Karin Olson, RN, PhD
Faculty of Nursing
- PhD (Educational Psychology), University of Alberta (1990)
- MHSc (Health Promotion), University of Toronto (1981)
- BScN, University of Alberta (1976)
My research program has two dimensions: clinical research and qualitative methods development. My clinical research is focused on cancer-related fatigue and can be distinguished from others in symptom management by my focus on: fatigue as a stress response, similarities and differences in fatigue in various ill and non-ill populations, the social construction of symptom experience, relationships among fatigue and other symptoms, and the prevention and early detection of fatigue. I have defined fatigue as a marker for the inability to adapt to stressors. In the Edmonton Fatigue Framework, I have proposed that among individuals with cancer the stressors include disease processes and treatments that reduce adaptive capacity. My work on methods development research has examined how local research-related beliefs and values are reflected in research practices such as ethics review procedures and how these variations influence research outcomes. My other methods development research interests include external validity in qualitative research, and the use of structural equation modeling to study symptom clusters.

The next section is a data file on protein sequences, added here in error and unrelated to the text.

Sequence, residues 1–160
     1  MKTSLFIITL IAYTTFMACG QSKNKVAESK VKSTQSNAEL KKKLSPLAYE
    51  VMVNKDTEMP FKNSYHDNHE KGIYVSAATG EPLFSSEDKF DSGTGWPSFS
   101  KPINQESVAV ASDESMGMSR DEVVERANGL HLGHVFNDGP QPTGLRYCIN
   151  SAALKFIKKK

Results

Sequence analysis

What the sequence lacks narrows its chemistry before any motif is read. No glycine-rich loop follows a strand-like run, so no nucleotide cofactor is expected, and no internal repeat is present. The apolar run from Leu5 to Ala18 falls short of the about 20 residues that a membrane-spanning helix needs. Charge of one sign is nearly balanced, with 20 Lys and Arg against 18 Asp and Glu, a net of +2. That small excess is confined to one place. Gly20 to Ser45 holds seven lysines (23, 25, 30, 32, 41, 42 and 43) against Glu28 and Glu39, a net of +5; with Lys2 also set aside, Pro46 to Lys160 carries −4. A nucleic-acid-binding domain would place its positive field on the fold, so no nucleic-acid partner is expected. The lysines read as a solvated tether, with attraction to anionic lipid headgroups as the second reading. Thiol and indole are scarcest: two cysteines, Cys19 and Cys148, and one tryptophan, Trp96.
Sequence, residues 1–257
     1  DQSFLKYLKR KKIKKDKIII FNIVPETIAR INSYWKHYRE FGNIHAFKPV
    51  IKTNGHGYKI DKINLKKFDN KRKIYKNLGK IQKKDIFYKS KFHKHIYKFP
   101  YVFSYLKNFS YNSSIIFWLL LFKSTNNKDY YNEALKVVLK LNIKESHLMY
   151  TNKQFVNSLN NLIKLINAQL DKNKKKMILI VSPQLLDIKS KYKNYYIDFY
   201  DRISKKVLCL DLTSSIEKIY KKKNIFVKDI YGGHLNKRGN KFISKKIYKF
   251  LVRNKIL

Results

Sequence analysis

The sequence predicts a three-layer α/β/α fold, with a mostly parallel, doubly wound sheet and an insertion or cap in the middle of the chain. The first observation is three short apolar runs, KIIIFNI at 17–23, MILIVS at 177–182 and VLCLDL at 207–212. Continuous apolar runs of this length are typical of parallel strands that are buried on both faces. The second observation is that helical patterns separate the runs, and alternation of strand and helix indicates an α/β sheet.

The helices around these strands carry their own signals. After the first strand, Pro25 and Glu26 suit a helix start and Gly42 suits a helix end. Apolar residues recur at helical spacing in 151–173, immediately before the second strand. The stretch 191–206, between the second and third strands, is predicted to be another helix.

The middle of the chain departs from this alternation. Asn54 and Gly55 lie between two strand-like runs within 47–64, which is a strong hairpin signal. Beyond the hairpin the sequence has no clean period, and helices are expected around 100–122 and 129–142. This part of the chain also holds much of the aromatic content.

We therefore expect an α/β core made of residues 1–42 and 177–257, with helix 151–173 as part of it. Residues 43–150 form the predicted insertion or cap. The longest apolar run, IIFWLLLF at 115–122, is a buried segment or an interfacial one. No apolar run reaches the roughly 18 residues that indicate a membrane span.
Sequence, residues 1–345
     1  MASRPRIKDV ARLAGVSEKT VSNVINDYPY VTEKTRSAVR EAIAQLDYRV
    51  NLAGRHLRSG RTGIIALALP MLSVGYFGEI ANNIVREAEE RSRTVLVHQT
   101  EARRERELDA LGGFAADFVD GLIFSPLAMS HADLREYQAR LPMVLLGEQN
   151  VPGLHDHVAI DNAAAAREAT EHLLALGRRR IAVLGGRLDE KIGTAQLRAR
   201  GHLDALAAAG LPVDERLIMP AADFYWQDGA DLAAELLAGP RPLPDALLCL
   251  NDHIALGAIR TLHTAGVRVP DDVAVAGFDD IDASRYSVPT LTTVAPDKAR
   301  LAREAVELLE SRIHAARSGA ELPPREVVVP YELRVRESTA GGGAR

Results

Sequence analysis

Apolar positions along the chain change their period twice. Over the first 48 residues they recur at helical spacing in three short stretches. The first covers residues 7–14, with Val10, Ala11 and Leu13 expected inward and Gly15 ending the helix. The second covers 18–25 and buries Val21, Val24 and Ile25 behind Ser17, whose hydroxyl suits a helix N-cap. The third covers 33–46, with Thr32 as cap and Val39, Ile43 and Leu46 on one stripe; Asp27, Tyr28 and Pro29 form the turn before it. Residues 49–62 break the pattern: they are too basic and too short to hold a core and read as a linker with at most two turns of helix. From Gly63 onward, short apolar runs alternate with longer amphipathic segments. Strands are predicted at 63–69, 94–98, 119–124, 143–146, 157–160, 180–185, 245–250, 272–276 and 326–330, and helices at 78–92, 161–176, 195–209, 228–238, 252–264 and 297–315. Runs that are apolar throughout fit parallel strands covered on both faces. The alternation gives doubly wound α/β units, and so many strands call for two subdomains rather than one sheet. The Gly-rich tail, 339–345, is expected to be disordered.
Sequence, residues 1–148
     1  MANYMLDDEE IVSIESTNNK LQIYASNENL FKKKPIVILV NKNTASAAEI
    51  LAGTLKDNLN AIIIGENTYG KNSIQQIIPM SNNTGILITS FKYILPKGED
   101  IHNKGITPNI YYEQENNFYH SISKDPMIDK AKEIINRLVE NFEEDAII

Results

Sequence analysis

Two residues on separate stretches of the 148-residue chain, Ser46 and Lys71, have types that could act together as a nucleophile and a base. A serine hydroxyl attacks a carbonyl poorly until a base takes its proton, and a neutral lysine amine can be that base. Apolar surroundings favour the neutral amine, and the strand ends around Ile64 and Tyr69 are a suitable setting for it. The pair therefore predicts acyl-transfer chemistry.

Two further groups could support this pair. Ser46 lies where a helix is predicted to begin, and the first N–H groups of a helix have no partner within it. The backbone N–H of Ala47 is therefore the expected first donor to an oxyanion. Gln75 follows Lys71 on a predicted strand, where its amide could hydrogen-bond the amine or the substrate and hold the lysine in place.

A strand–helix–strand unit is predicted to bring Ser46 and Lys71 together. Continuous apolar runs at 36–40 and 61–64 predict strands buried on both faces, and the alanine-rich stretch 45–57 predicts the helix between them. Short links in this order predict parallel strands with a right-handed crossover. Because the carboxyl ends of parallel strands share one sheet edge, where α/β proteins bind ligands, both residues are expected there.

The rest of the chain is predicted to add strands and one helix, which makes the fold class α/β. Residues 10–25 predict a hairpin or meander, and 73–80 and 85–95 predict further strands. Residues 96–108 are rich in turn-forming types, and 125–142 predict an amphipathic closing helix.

My clinical teaching is in chronic illness, with a focus on cancer and palliative care. I also teach undergraduate and graduate courses in research methods.
Research - Canadian Cancer-related Fatigue Guidelines (2nd edition)
20150817 to 20160630
These guidelines provide recommendations for the sceening, assessment, and management of mild, moderate, and severe fatigue experienced by individuals with cancer.
Canadian Cancer-related Fatigue Guidelines (version 2)